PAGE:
Imagine registering to vote in the upcoming election, only to be told by a local government official not to go to the polling place because you would "spoil the election." Betty, a woman I met in northern Uganda, was told just that. Why? Because she is blind.
Or put yourself in the shoes of Alajos Kiss, a Hungarian who was put under partial guardianship at age 51 as a result of mental health problems. Kiss did not realize, however, that accepting guardianship meant losing his right to vote.
The right to political participation is both fundamental to democracy and a fundamental human right. Yet people with disabilities are routinely denied the chance to exercise this right. In many countries, people in wheelchairs or who are blind cannot vote because they cannot reach the polling place or cast a secret ballot. In some countries, people with disabilities who have guardians assigned by the court are automatically deleted from voter registries.
In Peru, for example. Nearly 20,000 people with intellectual and psychosocial disabilities were deleted from the voter registry less than two weeks before the April 10th elections. The justification? This was for their benefit, as they would otherwise be penalized since voting is mandatory in Peru. After disability rights advocates pressed the government, people with disabilities were invited to re-register. But with limited time and poor communication about this decision, only 53 people with disabilities were added back to the roster before the election.
In the case of Hungary, its new constitution states that no one should be discriminated against on the basis of disability. Yet it also permits a judge to take away the right to vote from those with "limited mental ability."
Empowering judges to decide on a case-by-case basis whether a person has the mental ability to vote creates a situation ripe for abuse and selective enforcement. What if the guardian disagrees with the political choices of the person with a disability, for example? Lots of people think that if someone votes for this or that party they must have limited mental capacity: enshrining this bias in a constitution that espouses non-discrimination is a mistake.
Failing to find ways to accommodate people who are blind or visually impaired can also effectively deny these individuals their right to vote, as they must rely on family members or others to read the ballot to them.
Beyond being denied the right to vote, people with disabilities are often denied opportunities to participate more broadly in political activities, like lobbying or running for office. But the very fact that they are often marginalized in their communities makes their participation in the political system that much more important. Disenfranchisement makes it unlikely that elected officials will feel constituent pressure to represent the interests of people with disabilities once these officials take office.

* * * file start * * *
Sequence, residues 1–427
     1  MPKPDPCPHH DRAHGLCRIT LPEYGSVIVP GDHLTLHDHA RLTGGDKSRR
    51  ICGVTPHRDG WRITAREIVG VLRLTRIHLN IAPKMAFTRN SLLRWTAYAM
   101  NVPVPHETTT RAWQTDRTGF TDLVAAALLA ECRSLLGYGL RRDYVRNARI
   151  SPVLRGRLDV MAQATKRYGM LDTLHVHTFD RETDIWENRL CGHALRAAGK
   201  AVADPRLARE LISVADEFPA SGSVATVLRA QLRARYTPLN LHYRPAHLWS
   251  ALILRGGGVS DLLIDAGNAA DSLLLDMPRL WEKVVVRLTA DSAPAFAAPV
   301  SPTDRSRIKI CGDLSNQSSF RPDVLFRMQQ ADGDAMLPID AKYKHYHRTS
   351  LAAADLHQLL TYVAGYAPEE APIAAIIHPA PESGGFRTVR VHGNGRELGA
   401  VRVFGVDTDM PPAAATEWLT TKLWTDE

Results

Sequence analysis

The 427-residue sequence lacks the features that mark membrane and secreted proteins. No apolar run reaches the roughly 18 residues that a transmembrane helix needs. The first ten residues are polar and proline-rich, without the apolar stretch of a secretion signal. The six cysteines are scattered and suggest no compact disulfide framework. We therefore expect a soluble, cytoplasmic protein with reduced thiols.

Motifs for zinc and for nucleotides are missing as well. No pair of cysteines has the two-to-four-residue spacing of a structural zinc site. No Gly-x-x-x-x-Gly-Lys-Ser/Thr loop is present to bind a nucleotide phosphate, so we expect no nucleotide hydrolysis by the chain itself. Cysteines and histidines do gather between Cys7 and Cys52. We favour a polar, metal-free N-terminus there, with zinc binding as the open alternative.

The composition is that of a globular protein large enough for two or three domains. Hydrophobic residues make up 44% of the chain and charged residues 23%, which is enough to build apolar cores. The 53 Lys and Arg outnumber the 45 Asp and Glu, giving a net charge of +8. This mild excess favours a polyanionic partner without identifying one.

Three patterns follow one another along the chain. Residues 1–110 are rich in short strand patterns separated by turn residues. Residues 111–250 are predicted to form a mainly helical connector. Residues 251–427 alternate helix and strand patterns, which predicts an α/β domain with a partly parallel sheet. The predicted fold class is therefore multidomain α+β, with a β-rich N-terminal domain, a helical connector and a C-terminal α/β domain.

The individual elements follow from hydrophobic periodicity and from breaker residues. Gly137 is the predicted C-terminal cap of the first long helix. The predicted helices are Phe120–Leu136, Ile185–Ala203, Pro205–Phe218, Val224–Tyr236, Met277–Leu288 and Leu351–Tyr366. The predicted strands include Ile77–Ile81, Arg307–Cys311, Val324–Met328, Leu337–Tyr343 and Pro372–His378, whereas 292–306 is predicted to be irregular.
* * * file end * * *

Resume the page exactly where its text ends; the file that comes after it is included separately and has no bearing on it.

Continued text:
Uganda, Peru and Hungary, along with 97 other countries, have become parties to the Convention on the Rights of Persons with Disabilities. The principles of this treaty - non-discrimination, visibility, empowerment, accountability and participation - are undermined by restricting access to voting and political participation for people with disabilities.
It does not have to be this way.
There are good examples of national laws that protect the rights of people with disabilities to political participation. Both the Netherlands and Italy, for example, have repealed laws limiting the voting rights of people under guardianship and now place no limitations on their political participation. Sweden has universal suffrage; in fact, one of the main reasons Sweden eliminated guardianship was to protect the right to vote. South Africa's Constitution guarantees the right to vote for every citizen, and its electoral law permits assisted voting to people who request help.
Guaranteeing by law the right to vote for all people with disabilities is one step toward ending the practice of treating them like second-class citizens. But changing the law isn´t enough.
Governments need to make sure that voting procedures, facilities and materials are accessible and easy to understand. This includes using assistive technologies and allowing those who need it to have a person of their own choice provide help. Governments also should raise awareness about the need for equal political participation by people with disabilities. This can go a long way in addressing stigma and discrimination in the community, and making sure that people like Betty won't be denied at the polls.
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Shantha Rau Barriga is the disability rights researcher and advocate for Human Rights Watch.